GoDaddy is well known for their edgy commercials. In the last ten years, they’ve created a brand that portrays a company that is cool and customer friendly. It’s no wonder that when any individual, especially a small business owner, is thinking about starting a website for the first time, he or she is most likely going to think of GoDaddy.
Among many web designers and developers, myself included, GoDaddy is a malicious company that intentionally deceives and confuses their customers.
Take my recent experience when it came to attempting to let several domains of a client I work with expire. When buying a domain through GoDaddy, there are several attempts to up-sell you on additional services. Bypassing some of these attempts by GoDaddy can sometimes leave the end-user confused. I speak from experience because there have been several times where I have gotten to the final checkout phase and was surprised at some of the add-on items that I had unintentionally added to my cart.
If this happens to me, this is definitely happening to the newbie GoDaddy shopper who may not be as skilled at maneuvering around such up-sell attempts.
One common add-on that I have intentionally purchased with my domain purchases is private registration. When you purchase a domain, the information about you (address, phone number, email) become public records within the domain registrar universe. For an added $12 a year, private registration keeps your identify and contact details private. In recent years, GoDaddy started offering another service, called protected registration, which is an entirely different service.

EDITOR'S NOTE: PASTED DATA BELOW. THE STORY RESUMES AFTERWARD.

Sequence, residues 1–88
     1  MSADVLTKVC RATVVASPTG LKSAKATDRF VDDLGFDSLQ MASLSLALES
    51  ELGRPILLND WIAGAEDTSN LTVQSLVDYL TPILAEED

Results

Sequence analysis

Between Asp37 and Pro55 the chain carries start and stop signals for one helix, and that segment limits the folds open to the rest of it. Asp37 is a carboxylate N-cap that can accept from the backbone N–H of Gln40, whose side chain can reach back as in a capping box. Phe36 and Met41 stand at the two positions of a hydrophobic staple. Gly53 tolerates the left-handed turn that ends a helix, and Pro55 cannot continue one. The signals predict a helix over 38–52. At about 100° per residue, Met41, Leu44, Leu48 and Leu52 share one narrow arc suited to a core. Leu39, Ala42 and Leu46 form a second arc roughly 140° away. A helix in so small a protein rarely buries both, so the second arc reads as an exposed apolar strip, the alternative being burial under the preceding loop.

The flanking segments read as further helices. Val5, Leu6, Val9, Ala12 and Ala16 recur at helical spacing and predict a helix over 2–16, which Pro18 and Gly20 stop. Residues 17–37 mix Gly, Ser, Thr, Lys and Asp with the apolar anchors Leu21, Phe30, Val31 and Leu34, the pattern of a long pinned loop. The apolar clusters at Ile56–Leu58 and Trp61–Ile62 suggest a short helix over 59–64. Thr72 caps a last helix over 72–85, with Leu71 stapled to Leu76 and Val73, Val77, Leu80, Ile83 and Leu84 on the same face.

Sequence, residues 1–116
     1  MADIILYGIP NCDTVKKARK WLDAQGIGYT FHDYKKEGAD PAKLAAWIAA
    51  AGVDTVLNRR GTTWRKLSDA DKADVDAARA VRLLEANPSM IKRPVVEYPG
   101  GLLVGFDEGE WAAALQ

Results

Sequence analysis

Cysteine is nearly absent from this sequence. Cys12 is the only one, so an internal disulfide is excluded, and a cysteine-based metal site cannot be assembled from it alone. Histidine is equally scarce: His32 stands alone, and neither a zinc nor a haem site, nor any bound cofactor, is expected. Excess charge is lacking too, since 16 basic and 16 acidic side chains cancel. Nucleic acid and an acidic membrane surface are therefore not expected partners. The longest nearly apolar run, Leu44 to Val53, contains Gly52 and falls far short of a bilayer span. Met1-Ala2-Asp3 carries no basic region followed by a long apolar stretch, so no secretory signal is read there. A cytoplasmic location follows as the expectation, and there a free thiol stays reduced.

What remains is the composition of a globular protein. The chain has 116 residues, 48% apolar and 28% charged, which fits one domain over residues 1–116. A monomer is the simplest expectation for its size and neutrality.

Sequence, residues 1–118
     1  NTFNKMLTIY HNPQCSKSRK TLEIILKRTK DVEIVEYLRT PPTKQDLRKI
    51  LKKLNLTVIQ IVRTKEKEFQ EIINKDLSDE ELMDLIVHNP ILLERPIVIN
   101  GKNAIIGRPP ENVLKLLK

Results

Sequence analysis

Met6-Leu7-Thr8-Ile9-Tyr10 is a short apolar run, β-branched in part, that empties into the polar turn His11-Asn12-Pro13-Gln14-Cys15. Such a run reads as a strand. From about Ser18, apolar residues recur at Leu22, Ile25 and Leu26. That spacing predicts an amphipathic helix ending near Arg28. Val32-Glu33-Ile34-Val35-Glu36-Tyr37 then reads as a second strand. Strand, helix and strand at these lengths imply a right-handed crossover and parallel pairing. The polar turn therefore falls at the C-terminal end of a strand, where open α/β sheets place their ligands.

Private registration. Protected registration. Of course no one will get confused by that!
GoDaddy touts the protected registration service as preventing “accidental domain expiration or malicious transfer.” What they don’t tell you is that when the day comes when you no longer want the domain and are ready to let it expire, the only way to cancel protected registration is by providing GoDaddy a scanned copy of the registrant’s driver’s license or government ID. And if you registered the domain under a business name, you will also need a scanned copy of a business license!
Back to my situation with the client I was working with, the individual who registered the domain was not someone I regularly saw, so imagine the awkward conversation when I had to explain to this person why they needed to scan their driver’s license and then email it to me in addition to also scanning me a copy of their business license — all of which while the individual was on the verge of selling the business!
There are other horror stories out there in which individuals are unable to provide a business license for whatever reason and were essentially stuck in GoDaddy hell with no way out of having their domains renew each year. I detest such business practices and it has made me no longer want to use them for any of my own personal domain management. While I have a few remaining domains still registered with GoDaddy, I have been in the process of either letting them expire or transferring them to a different domain registrar.
The domain registrar that I do recommend is Google Domains. The registration and checkout process is simple and your domain is an easy $12 per year — and that includes private registration (not protected registration) at no extra cost.